Thursday, February 14, 2019

Answering Shermer

Answering Shermer · On ID vs Abiogenesis, debate part I · debate part II

Stephen Meyer Destroys Ignorant Atheist
ByRTD yO | 2.II.2015

Michael Shermer's line:

"I have a commitment to science and the scientific method requires that we look for natural explanations for natural phenomena, there is no such thing as the supernatural, or the paranormal, there is just the natural, the normal and all the stuff we can't explain yet"

My answer, Stephen Meyer's being somewhat different:

I wonder, since when does "the scientific method" require this precise commitment?

In Riccioli's time, it didn't.

To C. S. Lewis, our existence as rational beings (on his view fairly on and off, mostly off, I don't quite share that latter view) requires something other than the natural.

Because "nature" (as viewed by naturalism) while it can be an object to be explained or manipulated rationally, cannot be sth which produces that rationality which is capable of understanding, explaining or manipulating.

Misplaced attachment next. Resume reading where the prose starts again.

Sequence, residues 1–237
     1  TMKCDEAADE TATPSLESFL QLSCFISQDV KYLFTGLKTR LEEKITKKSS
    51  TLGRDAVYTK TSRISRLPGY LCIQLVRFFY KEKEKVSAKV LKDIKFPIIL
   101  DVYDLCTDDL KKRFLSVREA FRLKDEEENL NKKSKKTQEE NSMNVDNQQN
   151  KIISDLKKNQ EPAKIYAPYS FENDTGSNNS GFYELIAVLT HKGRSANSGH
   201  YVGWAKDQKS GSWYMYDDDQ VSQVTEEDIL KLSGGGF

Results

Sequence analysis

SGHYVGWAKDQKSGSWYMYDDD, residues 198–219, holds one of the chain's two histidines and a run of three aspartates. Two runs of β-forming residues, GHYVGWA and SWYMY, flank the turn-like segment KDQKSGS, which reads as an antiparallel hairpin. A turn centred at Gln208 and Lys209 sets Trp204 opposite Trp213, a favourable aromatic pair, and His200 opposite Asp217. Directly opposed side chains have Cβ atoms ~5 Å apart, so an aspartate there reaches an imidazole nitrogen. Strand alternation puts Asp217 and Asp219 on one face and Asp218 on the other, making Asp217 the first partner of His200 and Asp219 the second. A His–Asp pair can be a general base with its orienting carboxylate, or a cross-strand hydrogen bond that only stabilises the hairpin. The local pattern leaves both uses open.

Note well also, a manipulation may be rational as to the ends chosen to a given means, but deeply irrational as to the choice of means. Example, when Dr. Mengele used captives for human experiments, the suffering he imposed was totally irrationally out of proportion to some of the petty insights he could gain.

And yes, moral proportions are (unlike the view of amoral scientific rationality) a very clear part of the rational. Or aspect.

We can already explain the rational, if we assume there is conscious rationality before there is such a thing as nature. If we assume there is someone imposing a norm and sharing it with some on whom He imposes it, by how He creates their rationality. By its being a share in His. If we assume that is there before the normal is.

Considering a supernatural like this some kind of equivalent to the paranormal is irrational, since missing important distinctions.

So, where does this rule come from? Who coined it? Was there someone before Jerry Coyne who did?

And we can prove the supernatural if we assume both the natural exists and we too do, considering it as natural, and then exhaust natural possibilities of us forming as rational entities.

Both of which are given in our experience.

If you go on and say natural possibilities are not exhausted even if every analyst has exhausted all he can think of, you are turning basically the "natural" into the paranormal, into sth as paranormal as The Swamp Thing.

1 comment:

Hans Georg Lundahl said...

Would you like to see some debate?

on to next